The mouse gun still arguably has as much place as it ever did, though micro 9mm and .380s offer a more viable alternative to may people. Still, they keep making them and people keep buying them, so some folks have a use for them. So what are the modern uses of these tiny guns?
*Back Up– People still use these as a last-ditch back-up to a more potent weapon. They are very easy and unobtrusive to carry, so why not?
*The Always There Gun– This is a gun that is not specifically a back-up, it’s just always available. It’s axiomatic that the best gun in a gun-fight is the one you have, and if you always have a mouse-gun in your pocket you always have a gun; you can’t forget it when you run out the door.
*EDC in Non-Permissive Environments– Many people work in environments where they are discouraged or even not allowed to carry a firearm. A firearm of questionable effectiveness is better than none at all, and depending on dress-codes, physique etc. a mouse gun might be even more discreet that a micro-.380. I am not going to tell you to carry a gun when your employer says you can’t, but I’m not going to tell you not to either. That’s an individual choice you will need to make for yourself. Other times that ultimate discretion may be valued over potency can include social gatherings, weddings etc. It’s very much an individual choice when and where it’s appropriate to carry and what you can manage discretely.
Ammunition for mouse-guns should be solids. A hollow-point isn’t going to expand in most cases, and if it does it may limit penetration enough to severely impair the already marginal effectiveness. Also with few exceptions ball will be more reliable than a hollow-point bullet. If you need a hard stop with one of these tiny guns penetration is at a premium; you need the bullet to reach the critical structures like the central nervous system or circulatory system.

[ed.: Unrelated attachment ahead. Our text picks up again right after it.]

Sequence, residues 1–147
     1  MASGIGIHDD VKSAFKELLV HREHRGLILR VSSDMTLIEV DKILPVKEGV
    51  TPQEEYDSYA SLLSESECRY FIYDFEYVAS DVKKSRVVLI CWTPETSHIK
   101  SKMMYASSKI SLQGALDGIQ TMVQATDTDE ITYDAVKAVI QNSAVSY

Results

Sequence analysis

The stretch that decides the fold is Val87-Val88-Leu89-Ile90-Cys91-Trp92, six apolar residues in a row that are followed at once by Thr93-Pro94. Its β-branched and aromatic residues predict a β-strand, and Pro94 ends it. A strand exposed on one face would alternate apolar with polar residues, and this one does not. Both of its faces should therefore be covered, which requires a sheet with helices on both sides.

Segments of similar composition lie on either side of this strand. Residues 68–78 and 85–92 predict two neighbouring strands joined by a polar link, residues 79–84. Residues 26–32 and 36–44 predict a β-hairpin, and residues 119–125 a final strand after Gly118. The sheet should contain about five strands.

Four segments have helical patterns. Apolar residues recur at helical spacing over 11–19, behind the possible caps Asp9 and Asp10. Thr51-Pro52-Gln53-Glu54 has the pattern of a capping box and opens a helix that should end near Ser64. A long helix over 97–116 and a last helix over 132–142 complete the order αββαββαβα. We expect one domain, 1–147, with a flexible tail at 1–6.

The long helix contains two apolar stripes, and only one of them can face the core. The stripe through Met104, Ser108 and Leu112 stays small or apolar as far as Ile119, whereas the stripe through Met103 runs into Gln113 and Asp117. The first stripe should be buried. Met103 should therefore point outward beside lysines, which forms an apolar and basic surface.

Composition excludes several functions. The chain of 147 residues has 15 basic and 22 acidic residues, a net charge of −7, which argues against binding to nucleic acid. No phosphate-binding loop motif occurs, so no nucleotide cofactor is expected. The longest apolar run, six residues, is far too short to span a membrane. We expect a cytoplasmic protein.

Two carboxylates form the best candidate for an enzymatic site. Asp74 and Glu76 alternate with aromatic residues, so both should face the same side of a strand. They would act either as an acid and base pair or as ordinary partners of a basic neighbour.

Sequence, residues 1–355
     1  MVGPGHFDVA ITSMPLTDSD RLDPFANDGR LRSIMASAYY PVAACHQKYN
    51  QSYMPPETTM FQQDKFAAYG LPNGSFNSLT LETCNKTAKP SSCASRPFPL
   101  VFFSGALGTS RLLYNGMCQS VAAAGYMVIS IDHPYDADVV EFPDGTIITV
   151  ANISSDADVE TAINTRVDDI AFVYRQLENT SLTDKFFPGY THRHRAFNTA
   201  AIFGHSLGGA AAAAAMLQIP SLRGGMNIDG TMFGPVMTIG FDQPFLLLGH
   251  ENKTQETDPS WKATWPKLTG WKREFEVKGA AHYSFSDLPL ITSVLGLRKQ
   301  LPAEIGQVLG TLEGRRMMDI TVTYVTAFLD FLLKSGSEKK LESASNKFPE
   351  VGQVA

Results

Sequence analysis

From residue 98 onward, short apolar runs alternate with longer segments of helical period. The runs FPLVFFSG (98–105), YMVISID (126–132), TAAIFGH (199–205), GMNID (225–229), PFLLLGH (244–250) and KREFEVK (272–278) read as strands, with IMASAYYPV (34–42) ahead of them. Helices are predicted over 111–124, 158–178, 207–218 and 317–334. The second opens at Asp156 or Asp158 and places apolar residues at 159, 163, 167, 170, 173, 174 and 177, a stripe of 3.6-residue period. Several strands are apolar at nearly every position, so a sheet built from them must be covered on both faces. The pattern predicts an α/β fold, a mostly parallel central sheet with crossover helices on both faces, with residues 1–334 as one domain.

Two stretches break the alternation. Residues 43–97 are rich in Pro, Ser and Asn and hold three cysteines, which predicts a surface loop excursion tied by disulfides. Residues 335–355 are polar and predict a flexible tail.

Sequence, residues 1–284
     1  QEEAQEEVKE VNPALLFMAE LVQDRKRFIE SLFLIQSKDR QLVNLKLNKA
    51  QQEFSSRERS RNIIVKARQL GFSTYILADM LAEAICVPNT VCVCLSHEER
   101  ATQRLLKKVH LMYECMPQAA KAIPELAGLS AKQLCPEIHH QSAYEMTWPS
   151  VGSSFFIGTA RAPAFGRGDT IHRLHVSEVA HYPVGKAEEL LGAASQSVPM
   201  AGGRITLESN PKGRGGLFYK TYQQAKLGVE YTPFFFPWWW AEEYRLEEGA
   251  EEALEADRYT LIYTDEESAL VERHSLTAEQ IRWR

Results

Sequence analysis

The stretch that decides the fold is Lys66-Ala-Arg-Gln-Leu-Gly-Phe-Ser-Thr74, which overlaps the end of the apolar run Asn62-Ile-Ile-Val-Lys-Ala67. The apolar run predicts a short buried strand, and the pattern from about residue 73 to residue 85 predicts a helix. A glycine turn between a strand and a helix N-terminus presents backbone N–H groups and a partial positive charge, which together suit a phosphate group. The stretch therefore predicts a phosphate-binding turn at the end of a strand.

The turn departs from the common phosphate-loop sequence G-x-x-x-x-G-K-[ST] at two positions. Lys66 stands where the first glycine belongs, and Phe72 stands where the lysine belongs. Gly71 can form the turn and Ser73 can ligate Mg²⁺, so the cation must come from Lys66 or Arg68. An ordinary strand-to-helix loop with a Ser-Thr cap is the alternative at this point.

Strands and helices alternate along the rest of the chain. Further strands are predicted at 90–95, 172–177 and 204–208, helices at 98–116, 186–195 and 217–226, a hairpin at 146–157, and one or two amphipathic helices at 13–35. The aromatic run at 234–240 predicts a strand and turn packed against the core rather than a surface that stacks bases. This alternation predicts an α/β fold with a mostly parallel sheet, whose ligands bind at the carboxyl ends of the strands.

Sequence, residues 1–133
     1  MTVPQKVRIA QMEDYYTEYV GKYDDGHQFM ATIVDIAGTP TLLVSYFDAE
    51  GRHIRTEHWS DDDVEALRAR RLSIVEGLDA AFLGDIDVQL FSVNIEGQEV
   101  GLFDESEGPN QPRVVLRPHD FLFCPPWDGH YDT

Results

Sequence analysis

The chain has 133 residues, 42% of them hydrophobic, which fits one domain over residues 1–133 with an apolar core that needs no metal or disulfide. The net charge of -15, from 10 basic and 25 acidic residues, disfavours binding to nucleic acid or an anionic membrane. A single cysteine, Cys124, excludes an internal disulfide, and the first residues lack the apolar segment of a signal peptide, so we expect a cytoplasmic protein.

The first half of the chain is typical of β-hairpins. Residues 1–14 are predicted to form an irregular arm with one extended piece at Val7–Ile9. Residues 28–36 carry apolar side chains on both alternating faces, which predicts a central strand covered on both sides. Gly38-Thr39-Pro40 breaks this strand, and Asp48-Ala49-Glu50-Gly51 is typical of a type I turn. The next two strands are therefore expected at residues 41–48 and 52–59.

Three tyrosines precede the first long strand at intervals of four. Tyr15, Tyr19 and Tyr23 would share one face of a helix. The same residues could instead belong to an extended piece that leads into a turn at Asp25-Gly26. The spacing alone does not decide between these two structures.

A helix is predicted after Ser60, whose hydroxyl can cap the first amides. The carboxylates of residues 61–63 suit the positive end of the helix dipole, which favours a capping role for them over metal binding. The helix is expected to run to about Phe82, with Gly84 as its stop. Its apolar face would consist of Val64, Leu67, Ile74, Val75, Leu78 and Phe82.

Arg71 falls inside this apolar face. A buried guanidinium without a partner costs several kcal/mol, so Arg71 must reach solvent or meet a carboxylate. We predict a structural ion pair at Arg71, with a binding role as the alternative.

I don’t know; that’s a decision you need to make for yourself. Mouse guns are neat and fun, and with practice can be surprisingly accurate even in rapid-fire. They can be effective, but are dramatically less likely to be so in the face of a determined assault where the goal is to hurt or kill you rather than simply take your stuff.
Personally? I got into them because they are neat-o, then discovered they were fun and challenging to shoot well. Later and much to my surprise I discovered there were actually situations in my life where, just very occasionally, they were the best tool for the job at hand.
If you do opt for a mouse-gun for any practical reason for the love of God train with it, learn its ins and outs and be safe in your handling and carrying it.
For a closer lock at the Seecamp LWS32 check out this video: https://www.youtube.com/watch?v=gdq3SDv2hn0&lc=UgxJDxT2ny50FwlrBTR4AaABAg
Stay safe and take care,
Michael Tinker Pearce, 27 October 2022